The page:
written on 06 Aug 2018

Mastering the Node.js REPL, Part Two

In the first part of this series, we have covered the basics of the Node.js REPL. Now is time to learn how to use the programmatic API to transform it into a powerful tool for development.

Building our own custom REPL

Hello, world

We will begin by building a REPL version of a hello world. We can start our greeter loop with just a few lines of code:

const Repl = require('repl');

// Print the welcome message
  Hello, ${process.env.USER}!
  You're running the Node.js REPL in ${process.cwd()}.

// Start the REPL

That is pretty much self-explanatory. We import the repl node library, print a message, and start the loop. We use the USER environment variable and the current working directory to print a nice message:

example 1

Adding some colors

We can highlight some parts of the welcome message to make things easier to read:

const Repl = require('repl');

// Color functions
const colors = {
  RED: '31',
  GREEN: '32',
  YELLOW: '33',
  BLUE: '34',
  MAGENTA: '35',
const colorize = (color, s) => `\x1b[${color}m${s}\x1b[0m`;

// Some useful stuff
const user = colorize(colors.MAGENTA, process.env.USER);
const cwd = colorize(colors.YELLOW, process.cwd());
const say = (message) => () => console.log(message);
const sayWelcome = say(`
  Hello, ${user}!
  You're running the Node.js REPL in ${cwd}.

// Print the welcome message

// Start the REPL

We colorized the username and the current working directory to make it look a bit better:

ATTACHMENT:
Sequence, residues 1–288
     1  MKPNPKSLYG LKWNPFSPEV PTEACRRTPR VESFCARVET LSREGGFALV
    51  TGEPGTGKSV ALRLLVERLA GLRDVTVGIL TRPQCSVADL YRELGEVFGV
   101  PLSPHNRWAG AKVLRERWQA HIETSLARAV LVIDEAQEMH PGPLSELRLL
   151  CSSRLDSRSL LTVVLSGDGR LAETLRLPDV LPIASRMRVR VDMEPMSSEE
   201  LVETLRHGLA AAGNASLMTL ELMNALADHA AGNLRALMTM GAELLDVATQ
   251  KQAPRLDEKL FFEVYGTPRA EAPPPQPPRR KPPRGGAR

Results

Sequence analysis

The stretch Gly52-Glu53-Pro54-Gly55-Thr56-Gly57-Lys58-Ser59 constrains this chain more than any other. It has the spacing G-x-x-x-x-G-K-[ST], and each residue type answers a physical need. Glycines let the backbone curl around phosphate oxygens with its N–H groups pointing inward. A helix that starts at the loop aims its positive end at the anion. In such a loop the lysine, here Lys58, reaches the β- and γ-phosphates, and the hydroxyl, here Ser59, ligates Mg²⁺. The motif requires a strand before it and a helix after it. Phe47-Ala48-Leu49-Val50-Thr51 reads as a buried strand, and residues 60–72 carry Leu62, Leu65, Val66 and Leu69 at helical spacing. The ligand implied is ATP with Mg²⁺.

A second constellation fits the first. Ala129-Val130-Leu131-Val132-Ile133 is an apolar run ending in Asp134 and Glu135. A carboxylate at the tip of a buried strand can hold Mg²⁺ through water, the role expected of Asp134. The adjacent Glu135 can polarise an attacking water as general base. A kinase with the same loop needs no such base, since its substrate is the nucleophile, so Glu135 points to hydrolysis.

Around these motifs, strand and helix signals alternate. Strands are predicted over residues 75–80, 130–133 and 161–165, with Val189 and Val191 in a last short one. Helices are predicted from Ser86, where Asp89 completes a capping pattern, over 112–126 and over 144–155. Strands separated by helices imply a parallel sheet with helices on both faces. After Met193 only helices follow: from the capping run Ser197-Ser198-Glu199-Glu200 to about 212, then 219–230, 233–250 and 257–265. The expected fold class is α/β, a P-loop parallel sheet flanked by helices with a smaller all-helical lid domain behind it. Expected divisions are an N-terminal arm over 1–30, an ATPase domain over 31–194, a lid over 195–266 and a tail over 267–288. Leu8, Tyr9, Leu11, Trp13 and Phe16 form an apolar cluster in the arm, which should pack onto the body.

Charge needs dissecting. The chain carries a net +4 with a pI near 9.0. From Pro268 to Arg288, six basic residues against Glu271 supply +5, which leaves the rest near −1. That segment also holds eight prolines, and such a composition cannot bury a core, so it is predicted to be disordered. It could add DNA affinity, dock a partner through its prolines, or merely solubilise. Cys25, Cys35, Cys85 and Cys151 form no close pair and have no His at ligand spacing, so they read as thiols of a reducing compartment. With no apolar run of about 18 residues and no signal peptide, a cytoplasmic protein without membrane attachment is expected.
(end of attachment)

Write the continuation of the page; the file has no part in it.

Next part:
example 2

Customizing the prompt

The REPL prompt is just a string that can be passed to the start() function:

const nodeVersion = colorize(
  `${process.title} ${process.version}`
const prompt = `${nodeVersion} → `;

// Start the REPL
Repl.start({ prompt });

Now we have a prompt that shows the node version that we are running:

example 3

The exit event

The start function returns the loop server. Using the loop server instance, we can listen to server events like the exit event:

// Our goodbye function
const sayBye = say(`
  Goodbye, ${user}!

// Start the REPL
const repl = Repl.start({ prompt });

// Listen for the exit event
repl.on('exit', sayBye);

example 4

Understanding the REPL context

The basics

Let’s say we run our last example in the terminal using the CLI:

example 5

As you can see, the variables we defined in our code are not available in our REPL. When we invoke the start method, Node.js creates a new execution context for the REPL. This context is different from where the rest of our code is executed, so we won’t have access to the variables we define in it.

We can define properties in the context by referencing the loop server instance that the start method returns.

const util = require('util');

// Start the REPL
const repl = Repl.start({ prompt });

repl.context.noop = () => {};
repl.context.identity = (x) => x;
repl.context.isString = (x) => typeof x === 'string' || x instanceof String;
repl.context.timeout = util.promisify(setTimeout);

By defining properties in the server’s context object, we are able to use them within the REPL:

example 6

Read-only context

The context properties are not read-only by default, so they can be overwritten if we mess up:

example 7

We can define them as read-only using Object.defineProperty():

// Start the REPL
const repl = Repl.start({ prompt });

Object.defineProperty(repl.context, 'noop', {
  configurable: false,
  enumerable: true,
  value: () => {},

We could also write a utility function to extend our context easily; It would be something like this: